Two of the main characters, James and Charlotte Turner, represent the connections between the Icarian movement and the fictional community in Wiegenstein’s novel.  James Turner, author of the novel Travels to Daybreak, seizes the opportunity to make his dream a reality in the Missouri Ozarks.  Charlotte is his wife and a true-believer in the ideas of equality and community.  This closely mirrors the Icarians and their leader Étienne Cabet, who published Voyage en Icarie, which served as a model for the Icarian settlements in the United States.  The Icarians also struggled with the concept of gender equality, a theme that is nicely addressed in Wiegenstein’s novel through Charlotte.  As if the intriguing tale of social experimentation is not enough, Wiegenstein also thoughtfully interweaves the conflict over the expansion and continuation of slavery with this tale of community-building.  At the beginning of the novel, Charlotte is living with her parents in Kansas while James travels to the site of the new community.  During the violence and chaos of “Bleeding Kansas,” she meets an idealistic young abolitionist from the east, Adam Cabot.  Adam narrowly escapes from a gang of pro-slavery settlers and accompanies Charlotte to Daybreak.  As the group grows, its members deal with their neighbors’ suspicion and the stark reality that the conflict over the expansion of slavery has penetrated their utopian community, in spite of their attempts to isolate themselves from it.

The summary on the back cover of the book promises all the tense drama of a steamy love triangle, but in truth the book offers so much more.  While the main characters provide an intriguing dynamic of passion and idealism, the secondary characters are representative of a variety of backgrounds, opinions, and values.  Wiegenstein’s attention to detail and impartial approach to each character nicely conveys the complexity of this historical era.  There are no clear heroes or villains.  Wiegenstein even includes a few appearances by historical figures.  The most intriguing is the inclusion of Sam Hildebrand, an outlaw and Confederate guerrilla who was responsible for the murder of one of Wiegenstein’s ancestors.  One can certainly understand the desire to “set the record straight,” so to speak, considering how often Missouri guerrillas and outlaws are depicted as “Robin Hoods” who fight authority for the benefit of the common folk.  But Wiegenstein accurately depicts Hildebrand as an ordinary man committing unspeakable acts of violence in the name of retribution.  The author resists the urge to depict Hildebrand as a shadowy villain and takes great pains to flesh out Hildebrand’s character, even bordering on sympathy at times.  Because of this, the reader gains an evenhanded view of the border war as seen through the eyes of the purportedly neutral residents of Daybreak.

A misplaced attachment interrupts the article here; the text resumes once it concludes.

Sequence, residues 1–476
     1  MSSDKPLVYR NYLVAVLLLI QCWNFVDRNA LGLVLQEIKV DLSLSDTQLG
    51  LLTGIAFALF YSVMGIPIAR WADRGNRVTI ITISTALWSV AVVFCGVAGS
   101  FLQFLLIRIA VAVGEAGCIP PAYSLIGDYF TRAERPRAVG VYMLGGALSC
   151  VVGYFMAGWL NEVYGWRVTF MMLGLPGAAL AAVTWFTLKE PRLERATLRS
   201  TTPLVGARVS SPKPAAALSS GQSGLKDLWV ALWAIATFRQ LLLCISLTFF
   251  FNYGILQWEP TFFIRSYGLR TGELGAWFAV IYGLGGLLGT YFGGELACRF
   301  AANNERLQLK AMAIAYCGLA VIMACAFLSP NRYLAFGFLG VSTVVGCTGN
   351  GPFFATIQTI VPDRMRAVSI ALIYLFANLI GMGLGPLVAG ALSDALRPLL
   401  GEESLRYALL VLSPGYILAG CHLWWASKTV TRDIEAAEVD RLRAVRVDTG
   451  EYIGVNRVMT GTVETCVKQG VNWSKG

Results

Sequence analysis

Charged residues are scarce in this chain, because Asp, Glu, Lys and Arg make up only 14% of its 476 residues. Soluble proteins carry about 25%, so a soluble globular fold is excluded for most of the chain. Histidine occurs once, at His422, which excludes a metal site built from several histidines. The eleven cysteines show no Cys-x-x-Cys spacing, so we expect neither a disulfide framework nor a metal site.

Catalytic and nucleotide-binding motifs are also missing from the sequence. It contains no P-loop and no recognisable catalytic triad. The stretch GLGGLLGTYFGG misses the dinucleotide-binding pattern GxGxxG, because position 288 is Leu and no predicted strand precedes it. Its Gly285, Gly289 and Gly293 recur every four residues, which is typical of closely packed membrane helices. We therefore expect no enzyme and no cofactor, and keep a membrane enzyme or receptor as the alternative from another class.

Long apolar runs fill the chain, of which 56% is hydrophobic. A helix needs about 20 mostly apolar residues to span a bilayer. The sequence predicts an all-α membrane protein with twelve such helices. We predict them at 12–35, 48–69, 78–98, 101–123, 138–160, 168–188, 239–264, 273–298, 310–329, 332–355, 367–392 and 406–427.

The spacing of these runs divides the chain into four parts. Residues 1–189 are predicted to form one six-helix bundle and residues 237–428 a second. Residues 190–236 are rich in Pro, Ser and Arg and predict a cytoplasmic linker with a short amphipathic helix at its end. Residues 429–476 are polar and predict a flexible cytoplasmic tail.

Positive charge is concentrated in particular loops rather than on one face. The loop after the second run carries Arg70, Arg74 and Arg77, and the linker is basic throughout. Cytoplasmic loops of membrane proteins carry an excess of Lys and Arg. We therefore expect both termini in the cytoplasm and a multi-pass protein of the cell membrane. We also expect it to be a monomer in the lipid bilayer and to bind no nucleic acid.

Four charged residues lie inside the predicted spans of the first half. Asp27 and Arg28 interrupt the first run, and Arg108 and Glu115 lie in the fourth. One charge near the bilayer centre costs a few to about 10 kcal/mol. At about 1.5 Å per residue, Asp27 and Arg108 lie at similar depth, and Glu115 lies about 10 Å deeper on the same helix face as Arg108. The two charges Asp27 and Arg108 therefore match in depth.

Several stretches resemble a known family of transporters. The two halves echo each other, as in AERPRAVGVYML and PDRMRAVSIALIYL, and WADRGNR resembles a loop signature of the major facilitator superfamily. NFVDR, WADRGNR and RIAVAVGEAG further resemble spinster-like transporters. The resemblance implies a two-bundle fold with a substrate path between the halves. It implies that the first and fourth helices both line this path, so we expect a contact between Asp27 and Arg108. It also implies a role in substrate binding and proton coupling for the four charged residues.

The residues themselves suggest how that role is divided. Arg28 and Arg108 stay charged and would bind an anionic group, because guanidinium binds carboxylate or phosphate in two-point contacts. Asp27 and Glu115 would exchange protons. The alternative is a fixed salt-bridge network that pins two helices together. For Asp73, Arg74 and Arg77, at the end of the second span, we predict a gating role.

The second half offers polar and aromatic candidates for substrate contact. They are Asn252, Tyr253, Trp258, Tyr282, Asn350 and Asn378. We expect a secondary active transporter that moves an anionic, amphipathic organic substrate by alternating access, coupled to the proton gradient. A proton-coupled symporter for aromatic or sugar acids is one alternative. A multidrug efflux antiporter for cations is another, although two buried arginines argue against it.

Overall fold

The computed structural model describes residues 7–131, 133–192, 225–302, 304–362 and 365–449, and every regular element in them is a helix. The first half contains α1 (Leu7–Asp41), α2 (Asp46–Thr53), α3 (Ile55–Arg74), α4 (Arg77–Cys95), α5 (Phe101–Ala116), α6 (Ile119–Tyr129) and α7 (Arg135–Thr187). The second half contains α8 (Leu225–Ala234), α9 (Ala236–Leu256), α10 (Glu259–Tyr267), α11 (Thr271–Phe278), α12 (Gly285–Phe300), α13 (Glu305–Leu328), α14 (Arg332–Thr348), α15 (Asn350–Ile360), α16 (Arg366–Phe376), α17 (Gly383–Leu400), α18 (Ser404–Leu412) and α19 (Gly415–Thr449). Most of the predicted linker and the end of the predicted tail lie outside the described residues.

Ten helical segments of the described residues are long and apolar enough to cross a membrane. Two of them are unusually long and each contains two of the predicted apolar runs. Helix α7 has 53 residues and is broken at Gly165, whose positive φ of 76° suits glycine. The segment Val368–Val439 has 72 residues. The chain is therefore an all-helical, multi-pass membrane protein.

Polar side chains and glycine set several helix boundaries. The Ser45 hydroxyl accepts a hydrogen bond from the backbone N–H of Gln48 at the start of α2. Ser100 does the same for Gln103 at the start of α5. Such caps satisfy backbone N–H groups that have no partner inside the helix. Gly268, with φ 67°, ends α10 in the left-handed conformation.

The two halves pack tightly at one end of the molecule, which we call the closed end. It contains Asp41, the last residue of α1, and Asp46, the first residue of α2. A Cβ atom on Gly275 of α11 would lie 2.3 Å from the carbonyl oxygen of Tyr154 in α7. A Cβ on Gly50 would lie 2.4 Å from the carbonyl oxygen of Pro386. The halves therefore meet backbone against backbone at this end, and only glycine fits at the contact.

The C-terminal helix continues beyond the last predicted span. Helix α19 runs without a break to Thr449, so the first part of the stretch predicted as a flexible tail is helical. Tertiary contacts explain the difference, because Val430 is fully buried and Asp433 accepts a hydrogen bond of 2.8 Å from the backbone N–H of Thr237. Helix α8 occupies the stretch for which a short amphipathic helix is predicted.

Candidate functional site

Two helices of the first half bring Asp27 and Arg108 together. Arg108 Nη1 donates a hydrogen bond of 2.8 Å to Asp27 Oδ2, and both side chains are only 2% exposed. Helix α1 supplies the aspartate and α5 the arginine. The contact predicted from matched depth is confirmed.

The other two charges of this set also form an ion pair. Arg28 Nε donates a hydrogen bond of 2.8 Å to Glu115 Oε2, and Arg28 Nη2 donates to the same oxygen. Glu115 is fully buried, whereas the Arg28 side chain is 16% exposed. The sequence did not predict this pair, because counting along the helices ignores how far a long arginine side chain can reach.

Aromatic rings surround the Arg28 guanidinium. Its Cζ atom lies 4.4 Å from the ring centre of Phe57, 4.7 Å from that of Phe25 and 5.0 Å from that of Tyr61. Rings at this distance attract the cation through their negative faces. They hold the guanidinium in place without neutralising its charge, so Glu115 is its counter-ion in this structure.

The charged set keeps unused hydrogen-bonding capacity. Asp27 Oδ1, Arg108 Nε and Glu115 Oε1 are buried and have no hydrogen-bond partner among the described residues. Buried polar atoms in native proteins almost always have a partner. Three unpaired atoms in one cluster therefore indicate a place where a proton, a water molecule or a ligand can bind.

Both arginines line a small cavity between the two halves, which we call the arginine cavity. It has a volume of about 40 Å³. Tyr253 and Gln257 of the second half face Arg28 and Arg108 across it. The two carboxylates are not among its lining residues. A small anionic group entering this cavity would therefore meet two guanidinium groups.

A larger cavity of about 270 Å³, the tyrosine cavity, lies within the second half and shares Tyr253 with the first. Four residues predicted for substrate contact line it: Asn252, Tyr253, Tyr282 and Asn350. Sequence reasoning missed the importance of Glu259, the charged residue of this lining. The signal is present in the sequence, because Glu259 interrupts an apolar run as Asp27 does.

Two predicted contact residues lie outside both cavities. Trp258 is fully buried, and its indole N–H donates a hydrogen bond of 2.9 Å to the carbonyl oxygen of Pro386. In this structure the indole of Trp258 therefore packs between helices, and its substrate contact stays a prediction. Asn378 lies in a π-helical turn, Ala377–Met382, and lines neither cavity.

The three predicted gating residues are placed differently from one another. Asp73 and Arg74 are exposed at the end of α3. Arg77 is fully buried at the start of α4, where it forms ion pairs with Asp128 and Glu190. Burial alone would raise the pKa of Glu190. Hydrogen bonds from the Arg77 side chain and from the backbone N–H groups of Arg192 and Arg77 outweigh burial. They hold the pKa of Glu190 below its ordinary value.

A unique combination of history and fiction make this novel both an informative read and a captivating story of human nature. The novel lends itself to a protracted discussion of the various attributes of dreamers and pragmatists, and the pitfalls of each persona. Additionally, the casual reader will find themselves learning a good deal about American history, and perhaps even gaining more knowledge about 19th century farming techniques than they would have imagined.  This all speaks to Wiegenstein’s flawless research and relentless attention to detail.  Slant of Light is a welcome addition to the growing bibliography of Civil War novels, and a delightful read for anyone up for a compelling story of imperfect people and their attempt to carve out a perfect society in the Ozarks.

Reviewed by Stephen Rockenbach

Stephen Rockenbach is an Associate Professor of History at Virginia State University. His specialization is military history, and he plays traditional folk music on the banjo.